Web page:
Australian Systematic Botany Australian Systematic Botany Society
Taxonomy, biogeography and evolution of plants
RESEARCH ARTICLE

Metapopulation vicariance in the Pacific genus Coprosma (Rubiaceae) and its Gondwanan relatives

Michael Heads
+ Author Affiliations
- Author Affiliations

Buffalo Museum of Science, 1020 Humboldt Parkway, Buffalo, NY 14211-1293, USA. Email: m.j.heads@gmail.com

Australian Systematic Botany 30(6) 422-438 https://doi.org/10.1071/SB16047
Submitted: 1 November 2016  Accepted: 16 March 2017   Published: 31 January 2018

Abstract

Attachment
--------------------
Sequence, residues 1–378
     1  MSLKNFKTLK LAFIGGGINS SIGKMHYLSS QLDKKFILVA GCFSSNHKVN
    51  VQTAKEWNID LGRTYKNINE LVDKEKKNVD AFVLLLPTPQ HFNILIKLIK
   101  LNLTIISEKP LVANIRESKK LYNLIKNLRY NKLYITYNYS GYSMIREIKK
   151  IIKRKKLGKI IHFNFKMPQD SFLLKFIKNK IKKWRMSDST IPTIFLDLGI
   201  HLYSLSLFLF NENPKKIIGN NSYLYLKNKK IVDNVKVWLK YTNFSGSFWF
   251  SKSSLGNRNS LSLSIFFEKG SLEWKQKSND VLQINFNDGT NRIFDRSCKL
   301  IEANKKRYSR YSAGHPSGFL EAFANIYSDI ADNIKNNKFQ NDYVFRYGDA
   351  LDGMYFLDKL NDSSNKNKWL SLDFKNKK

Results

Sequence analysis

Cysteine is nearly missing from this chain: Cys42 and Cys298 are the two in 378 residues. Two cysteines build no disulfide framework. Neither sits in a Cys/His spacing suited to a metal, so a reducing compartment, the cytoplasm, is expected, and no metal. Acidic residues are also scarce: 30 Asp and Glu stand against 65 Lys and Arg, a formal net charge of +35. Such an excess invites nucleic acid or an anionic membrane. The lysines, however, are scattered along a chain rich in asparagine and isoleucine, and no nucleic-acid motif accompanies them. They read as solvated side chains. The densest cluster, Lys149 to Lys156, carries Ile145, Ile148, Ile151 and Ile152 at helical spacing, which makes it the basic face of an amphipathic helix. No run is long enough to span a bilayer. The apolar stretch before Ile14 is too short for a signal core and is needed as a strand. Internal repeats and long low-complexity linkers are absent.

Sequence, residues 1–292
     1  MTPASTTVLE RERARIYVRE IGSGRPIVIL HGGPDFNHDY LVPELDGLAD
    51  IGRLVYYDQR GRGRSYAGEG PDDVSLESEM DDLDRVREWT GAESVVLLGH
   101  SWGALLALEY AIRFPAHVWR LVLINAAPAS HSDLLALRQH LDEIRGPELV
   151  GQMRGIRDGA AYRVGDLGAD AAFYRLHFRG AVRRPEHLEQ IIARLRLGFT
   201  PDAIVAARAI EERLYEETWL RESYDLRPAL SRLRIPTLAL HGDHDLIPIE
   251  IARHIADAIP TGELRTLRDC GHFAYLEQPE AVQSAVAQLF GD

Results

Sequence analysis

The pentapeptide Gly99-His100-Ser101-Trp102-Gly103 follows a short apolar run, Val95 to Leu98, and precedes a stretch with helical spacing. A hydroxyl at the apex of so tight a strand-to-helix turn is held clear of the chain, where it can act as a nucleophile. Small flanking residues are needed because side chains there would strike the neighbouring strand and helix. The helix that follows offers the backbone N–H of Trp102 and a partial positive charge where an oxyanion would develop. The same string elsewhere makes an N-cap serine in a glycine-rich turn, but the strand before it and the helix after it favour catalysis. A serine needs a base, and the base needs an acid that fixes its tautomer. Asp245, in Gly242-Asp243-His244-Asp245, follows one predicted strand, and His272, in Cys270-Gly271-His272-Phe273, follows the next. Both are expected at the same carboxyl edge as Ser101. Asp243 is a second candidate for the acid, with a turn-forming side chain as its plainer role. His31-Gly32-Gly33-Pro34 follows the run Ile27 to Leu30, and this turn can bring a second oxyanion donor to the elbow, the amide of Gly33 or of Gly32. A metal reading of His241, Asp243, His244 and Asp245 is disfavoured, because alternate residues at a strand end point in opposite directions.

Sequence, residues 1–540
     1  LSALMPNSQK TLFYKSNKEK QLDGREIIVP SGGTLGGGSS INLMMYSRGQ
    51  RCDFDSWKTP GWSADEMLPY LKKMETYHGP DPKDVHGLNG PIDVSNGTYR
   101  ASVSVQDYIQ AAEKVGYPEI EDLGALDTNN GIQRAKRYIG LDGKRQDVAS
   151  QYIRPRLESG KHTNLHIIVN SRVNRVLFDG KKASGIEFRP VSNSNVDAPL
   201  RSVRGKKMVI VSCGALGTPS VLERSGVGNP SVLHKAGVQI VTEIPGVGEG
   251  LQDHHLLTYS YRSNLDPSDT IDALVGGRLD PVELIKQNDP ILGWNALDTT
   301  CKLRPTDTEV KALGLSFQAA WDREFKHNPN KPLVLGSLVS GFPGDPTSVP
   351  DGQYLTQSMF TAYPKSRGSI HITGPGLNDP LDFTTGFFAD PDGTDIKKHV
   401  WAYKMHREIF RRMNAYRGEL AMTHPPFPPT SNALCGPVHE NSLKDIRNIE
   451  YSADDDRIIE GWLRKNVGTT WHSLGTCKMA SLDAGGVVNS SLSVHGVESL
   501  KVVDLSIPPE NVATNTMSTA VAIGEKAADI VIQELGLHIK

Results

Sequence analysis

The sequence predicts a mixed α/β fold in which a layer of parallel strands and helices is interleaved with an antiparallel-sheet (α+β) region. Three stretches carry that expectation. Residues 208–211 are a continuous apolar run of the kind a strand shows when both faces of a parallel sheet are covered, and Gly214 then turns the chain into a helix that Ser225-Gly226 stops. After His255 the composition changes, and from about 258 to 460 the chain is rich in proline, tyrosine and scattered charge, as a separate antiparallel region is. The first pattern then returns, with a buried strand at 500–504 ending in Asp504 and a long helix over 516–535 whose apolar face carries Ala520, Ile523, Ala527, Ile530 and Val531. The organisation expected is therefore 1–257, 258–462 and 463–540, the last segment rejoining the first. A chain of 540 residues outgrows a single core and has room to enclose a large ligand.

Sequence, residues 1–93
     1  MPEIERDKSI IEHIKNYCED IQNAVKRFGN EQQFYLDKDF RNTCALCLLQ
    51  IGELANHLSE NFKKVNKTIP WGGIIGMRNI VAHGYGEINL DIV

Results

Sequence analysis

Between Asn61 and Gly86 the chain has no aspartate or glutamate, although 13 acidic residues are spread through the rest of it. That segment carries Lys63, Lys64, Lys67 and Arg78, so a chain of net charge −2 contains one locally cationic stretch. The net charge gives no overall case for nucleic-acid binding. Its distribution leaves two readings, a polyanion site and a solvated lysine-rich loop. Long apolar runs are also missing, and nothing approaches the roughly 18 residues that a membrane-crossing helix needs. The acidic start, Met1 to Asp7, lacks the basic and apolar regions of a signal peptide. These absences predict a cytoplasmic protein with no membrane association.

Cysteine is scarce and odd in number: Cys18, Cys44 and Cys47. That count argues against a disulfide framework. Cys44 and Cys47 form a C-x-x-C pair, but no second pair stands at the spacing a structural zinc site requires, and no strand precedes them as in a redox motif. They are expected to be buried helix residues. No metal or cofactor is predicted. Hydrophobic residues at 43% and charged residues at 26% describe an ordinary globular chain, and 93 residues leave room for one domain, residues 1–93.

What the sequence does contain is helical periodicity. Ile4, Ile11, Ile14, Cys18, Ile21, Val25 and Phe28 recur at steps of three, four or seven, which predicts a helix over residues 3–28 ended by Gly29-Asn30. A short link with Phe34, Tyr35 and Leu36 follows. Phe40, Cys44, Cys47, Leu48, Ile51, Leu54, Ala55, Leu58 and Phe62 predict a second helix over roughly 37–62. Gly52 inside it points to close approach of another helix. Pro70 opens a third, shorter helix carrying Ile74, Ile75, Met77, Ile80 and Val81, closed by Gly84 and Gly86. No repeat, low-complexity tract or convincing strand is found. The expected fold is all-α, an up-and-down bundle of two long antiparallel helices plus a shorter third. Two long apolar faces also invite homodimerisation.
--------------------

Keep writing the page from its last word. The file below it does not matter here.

Coprosma is perhaps the most ubiquitous plant genus in New Zealand. It belongs to the tribe Anthospermeae, which is distinctive in the family Rubiaceae through its small, simple, wind-pollinated flowers and its southern hemisphere distribution. The tribe comprises four main clades found respectively in South Africa, Africa, Australia and the Pacific. The high level of allopatry among the four subtribes is attributed here to their origin by vicariance. The Pacific clade, subtribe Coprosminae, is widespread around the margins of the South Pacific and also occurs on most of the high islands. Distributions of the main clades in the subtribe are mapped here and are shown to be repeated in other groups. The distribution patterns also coincide with features of regional geology. Large-scale volcanism has persisted in the central Pacific region since at least the Jurassic. At that time, the oldest of the Pacific large igneous provinces, the Shatsky Rise, began to be erupted in the region now occupied by French Polynesia. Large-scale volcanism in the central Pacific continued through the Cretaceous and the Cenozoic. The sustained volcanism, along with details of the clade distributions, both suggest that the Coprosminae have persisted in the central Pacific by survival of metapopulations on individually ephemeral islands. It is also likely that vicariance of metapopulations has taken place, mediated by processes such as the subsidence of the Pacific seafloor by thousands of metres, and rifting of active arcs by transform faults. It is sometimes argued that a vicariance origin is unlikely for groups on young, oceanic islands that have never been connected by continuous land, but metapopulation vicariance does not require physical contact between islands.


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